With another year of SXSW EDU in the books, what are some takeaways for higher education? After hearing expert insights at various panels, here’s a perspective into what higher education might expect to see in the year ahead. 


Equity was a recurring theme in each panel attended—whether AI, from a legislative perspective, or on-campus realities.  

When thinking about “Equity Concerns in AI & Education,” the speakers urged consideration and understanding of the holistic environment; it’s not just what interface you use, but the unseen parts of the system: the underlying dataset, who trained it, and how it was trained. These latter parts are often not disclosed, and this poses quite a lot of risk for equity. Stephanie Miller, VP of Data and Impact at Axim Collaborative, cited the demographics of EdTech leaders compared to those of Black and Latinx computer science students as an example of how we need more representative voices in all parts of technology. It’s something Miller is actively addressing as an adjunct professor of Data Science at Bowie State University, where she mentors students and advocates for graduate school.  If AI is seen to be the next equalizer, as education was by Horace Mann, the panel reiterated the need for access to the internet, tools, and training—in this case, AI literacy—from K-12 onward. 

In terms of addressing equity on campus, the “How Colleges Can Overcome Anti-Diversity Headwinds” panel cited 81 bills that would curtail DEI, eight of which have been passed into law, as noted by the Chronicle of Higher Education’s tracker. Dr. Shaun Harper, Provost Professor at the USC Rossier School of Education and USC Marshall School of Business, mentioned how these attacks on DEI are not new, and how DEI has long been underfunded. He mentioned how these trends apply to community colleges too, with faculty often not reflecting the diversity of the student population. Harper and Mushtaq Gunja, Senior Vice President at the American Council on Education, also pointed out how the military academies advocated and successfully negotiated an exemption from the Supreme Court ruling for race-conscious admissions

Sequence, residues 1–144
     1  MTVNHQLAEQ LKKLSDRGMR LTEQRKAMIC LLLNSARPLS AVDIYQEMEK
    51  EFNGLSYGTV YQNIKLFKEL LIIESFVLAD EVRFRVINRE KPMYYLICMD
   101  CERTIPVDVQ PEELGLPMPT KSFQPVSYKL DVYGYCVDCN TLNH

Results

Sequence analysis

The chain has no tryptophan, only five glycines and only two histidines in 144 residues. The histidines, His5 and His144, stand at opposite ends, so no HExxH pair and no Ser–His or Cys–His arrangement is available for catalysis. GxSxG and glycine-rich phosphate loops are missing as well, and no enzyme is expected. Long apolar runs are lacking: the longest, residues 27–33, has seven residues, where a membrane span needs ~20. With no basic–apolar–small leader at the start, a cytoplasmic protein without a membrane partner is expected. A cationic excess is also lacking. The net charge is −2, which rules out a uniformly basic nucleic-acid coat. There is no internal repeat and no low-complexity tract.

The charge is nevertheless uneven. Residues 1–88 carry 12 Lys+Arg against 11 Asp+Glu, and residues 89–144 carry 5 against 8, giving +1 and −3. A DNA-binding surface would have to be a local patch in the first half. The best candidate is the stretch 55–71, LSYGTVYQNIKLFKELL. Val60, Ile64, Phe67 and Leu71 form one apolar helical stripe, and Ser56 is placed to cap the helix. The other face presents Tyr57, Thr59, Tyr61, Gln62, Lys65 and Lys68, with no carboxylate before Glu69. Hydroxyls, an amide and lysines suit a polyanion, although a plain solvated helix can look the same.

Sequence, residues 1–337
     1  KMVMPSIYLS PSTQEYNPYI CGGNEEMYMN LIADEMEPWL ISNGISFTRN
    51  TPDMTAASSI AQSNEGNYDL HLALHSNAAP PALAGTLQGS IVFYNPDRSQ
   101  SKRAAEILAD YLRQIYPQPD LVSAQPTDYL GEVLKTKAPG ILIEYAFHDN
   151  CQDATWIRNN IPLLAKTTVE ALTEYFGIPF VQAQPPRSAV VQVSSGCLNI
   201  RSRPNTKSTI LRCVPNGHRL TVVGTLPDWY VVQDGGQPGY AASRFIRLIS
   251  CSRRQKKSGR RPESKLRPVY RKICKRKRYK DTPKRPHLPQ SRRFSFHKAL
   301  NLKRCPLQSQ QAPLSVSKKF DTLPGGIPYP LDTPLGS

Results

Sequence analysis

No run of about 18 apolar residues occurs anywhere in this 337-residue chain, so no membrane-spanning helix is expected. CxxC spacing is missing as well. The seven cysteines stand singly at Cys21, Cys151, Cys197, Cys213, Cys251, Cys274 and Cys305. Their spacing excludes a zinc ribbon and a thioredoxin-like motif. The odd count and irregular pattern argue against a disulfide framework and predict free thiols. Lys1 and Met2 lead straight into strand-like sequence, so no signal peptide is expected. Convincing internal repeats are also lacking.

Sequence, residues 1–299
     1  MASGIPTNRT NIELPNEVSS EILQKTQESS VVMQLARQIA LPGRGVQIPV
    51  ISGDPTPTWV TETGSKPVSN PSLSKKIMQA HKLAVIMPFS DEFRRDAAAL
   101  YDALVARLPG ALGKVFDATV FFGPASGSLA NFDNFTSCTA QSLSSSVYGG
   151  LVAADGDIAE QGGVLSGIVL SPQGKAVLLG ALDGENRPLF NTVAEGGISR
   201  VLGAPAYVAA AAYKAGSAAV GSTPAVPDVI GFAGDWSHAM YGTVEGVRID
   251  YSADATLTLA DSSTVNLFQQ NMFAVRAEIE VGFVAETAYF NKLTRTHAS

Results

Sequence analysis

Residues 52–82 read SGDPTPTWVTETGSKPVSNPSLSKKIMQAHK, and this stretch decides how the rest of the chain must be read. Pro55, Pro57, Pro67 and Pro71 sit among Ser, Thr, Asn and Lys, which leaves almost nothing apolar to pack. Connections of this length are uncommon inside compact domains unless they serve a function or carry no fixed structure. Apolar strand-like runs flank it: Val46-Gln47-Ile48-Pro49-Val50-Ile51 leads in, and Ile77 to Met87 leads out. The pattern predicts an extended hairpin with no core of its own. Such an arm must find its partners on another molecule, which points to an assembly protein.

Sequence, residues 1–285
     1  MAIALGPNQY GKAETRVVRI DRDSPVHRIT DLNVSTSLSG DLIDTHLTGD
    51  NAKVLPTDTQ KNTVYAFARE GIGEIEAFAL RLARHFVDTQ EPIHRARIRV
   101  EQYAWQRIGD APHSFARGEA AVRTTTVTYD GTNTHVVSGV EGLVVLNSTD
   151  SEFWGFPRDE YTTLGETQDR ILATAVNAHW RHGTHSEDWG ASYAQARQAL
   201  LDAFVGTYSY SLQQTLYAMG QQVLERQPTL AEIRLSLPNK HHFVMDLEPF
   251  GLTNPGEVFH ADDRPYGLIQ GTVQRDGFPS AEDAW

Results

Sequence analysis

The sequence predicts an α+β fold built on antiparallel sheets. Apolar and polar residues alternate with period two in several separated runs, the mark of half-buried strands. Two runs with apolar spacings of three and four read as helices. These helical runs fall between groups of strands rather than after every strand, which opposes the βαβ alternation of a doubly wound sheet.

Community Activism 

Many of the panels discussed how individuals can make a difference. On “Equity Concerns in AI & Education,” Sara Schwettmann, Research Scientist at MIT’s CSAIL, discussed the visibility you need into the technology and recommended individuals sync up with their tech teams for AI use case hack-a-thons, making sure that a diverse set of participants gives input.  

Echoing these sentiments during his panel, Gunja recommended starting with your immediate sphere of influence, e.g., if you are a teacher or parent, start with your principal, then the local school board, then the state, etc. Harper also encouraged organizing as a coalition and movement, as it’s a well-funded anti-DEI campaign, with the language of the bills getting more specific and sophisticated.  

Student Centricity 

With planning the evolution of the Carnegie Classifications, Gunja wants to bring students to the forefront of university classifications. He is looking to add measures about the student experience, not just types of degrees offered, but considerations for: 

  • Social-economic mobility and post-graduate earnings 
  • Institutions educating students from their region 
  • Enrollment of Pell grant recipients and first-generation college students 
  • Graduation rates